Bob Dylan, long before he won the Nobel prize for literature, surpassed his self-chosen namesake, Dylan Thomas. Thomas died young, and Robert Zimmerman aka Bob Dylan has been an icon for longer than his hero lived. Through America’s most tumultuous times, his music – arguably because of the depth and poignancy of his lyrics – became the foreground score for movements of peace and equality.
From his niche appeal to disillusioned sub-culture, Dylan became one of the most popular musicians of the 20th century. The times they are a changin’ became both inspiration and prophecy during the Civil Rights Movement in the 1960’s and the call for peace in what many perceived to be America’s unjust war in Vietnam was Blowing in the wind as he promised A hard rain’s gonna fall.
The committee in Stockholm has recognised Dylan for poetry and its power. Many have argued that this expands what we define as literature and with his body of work and sheer creative stamina, there is no candidate more qualified. Dylan, however, has not been ignored. While his voice has lost some of his power, his legacy is undiminished. Every generation continues to breed die-hard fans. His influence, arguably, is greater than most other winners of the literary honour. The Nobel Prize may have expanded the ambit of how it defines literature, but it has diminished Dylan rather than elevated him. There are many poets and writers, arguably better than him, but few have had a political and moral impact on as large a scale.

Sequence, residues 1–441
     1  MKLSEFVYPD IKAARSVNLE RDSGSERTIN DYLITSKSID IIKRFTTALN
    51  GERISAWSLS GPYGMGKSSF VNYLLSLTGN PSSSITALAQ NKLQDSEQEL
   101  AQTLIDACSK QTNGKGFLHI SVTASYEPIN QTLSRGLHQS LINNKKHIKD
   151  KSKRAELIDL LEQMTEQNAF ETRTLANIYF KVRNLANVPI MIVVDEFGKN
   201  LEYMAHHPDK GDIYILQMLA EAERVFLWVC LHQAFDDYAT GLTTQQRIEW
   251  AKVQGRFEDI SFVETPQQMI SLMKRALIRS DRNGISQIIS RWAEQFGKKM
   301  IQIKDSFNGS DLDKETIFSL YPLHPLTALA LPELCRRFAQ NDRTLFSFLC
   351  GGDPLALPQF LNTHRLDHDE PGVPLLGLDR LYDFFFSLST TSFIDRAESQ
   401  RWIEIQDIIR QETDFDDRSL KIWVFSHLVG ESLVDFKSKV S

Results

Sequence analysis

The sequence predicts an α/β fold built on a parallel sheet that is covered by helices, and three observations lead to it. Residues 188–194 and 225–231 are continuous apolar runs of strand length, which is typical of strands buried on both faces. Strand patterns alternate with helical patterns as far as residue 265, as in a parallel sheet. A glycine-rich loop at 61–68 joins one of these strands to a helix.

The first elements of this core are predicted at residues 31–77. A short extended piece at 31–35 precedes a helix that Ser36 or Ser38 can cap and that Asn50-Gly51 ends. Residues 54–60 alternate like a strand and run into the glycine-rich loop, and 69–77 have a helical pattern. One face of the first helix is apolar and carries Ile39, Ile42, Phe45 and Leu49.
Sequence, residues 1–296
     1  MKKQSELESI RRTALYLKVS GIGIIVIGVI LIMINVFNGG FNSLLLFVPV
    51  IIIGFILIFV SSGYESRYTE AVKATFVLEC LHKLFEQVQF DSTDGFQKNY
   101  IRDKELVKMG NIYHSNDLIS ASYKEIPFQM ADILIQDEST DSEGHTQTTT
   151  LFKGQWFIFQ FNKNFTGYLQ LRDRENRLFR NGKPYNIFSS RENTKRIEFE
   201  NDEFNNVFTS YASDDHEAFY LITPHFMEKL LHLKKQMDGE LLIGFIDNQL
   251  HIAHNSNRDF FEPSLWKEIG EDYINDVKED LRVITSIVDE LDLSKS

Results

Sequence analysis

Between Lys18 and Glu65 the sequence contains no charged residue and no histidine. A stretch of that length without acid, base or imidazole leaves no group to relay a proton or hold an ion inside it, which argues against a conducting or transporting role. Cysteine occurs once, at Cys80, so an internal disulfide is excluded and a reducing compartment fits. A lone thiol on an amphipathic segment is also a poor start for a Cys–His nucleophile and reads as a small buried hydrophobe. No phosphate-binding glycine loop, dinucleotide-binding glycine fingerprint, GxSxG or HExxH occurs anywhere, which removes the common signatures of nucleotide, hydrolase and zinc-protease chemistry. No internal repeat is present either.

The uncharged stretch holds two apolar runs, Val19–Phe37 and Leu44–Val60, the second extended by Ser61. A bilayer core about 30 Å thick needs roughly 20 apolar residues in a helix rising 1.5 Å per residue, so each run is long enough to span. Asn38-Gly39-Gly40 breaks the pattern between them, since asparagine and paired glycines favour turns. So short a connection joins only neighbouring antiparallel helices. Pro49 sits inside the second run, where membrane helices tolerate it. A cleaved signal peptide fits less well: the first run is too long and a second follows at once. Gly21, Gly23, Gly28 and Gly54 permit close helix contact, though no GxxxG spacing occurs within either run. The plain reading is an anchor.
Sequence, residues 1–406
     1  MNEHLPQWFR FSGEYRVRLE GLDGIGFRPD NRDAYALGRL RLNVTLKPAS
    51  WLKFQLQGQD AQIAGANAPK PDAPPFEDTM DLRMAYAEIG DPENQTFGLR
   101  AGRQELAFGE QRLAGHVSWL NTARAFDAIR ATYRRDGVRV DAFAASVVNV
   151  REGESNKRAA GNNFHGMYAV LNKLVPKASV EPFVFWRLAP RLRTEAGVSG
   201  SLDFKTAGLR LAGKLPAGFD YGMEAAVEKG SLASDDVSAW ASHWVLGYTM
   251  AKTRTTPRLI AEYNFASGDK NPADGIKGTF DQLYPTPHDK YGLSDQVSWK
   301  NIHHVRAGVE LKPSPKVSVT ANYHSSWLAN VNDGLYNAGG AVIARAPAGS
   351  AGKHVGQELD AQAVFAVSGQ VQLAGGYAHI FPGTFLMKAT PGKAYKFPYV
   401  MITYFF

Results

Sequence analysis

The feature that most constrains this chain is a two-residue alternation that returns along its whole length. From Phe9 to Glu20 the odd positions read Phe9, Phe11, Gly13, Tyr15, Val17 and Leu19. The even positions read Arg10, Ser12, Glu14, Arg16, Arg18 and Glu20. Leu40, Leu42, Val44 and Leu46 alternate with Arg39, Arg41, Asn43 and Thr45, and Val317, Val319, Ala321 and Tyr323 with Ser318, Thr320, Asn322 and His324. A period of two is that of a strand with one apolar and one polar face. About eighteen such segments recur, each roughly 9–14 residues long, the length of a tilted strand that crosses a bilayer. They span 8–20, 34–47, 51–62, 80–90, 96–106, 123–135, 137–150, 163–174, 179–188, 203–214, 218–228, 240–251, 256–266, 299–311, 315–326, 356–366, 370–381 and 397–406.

For years now, young people have googled and researched his songs and their lyrics and discovered the politics of his art – liberal, egalitarian and pacifist. While Dylan certainly deserves the Nobel prize, its not for literature. At a time when the US and the world stares at the possibility of a Trump presidency, African-Americans protest police brutality and structural violence and a belligerent nationalism is growing in Europe, Dylan’s legacy is more important than ever. Dylan deserved the Nobel Prize, but for peace, not literature.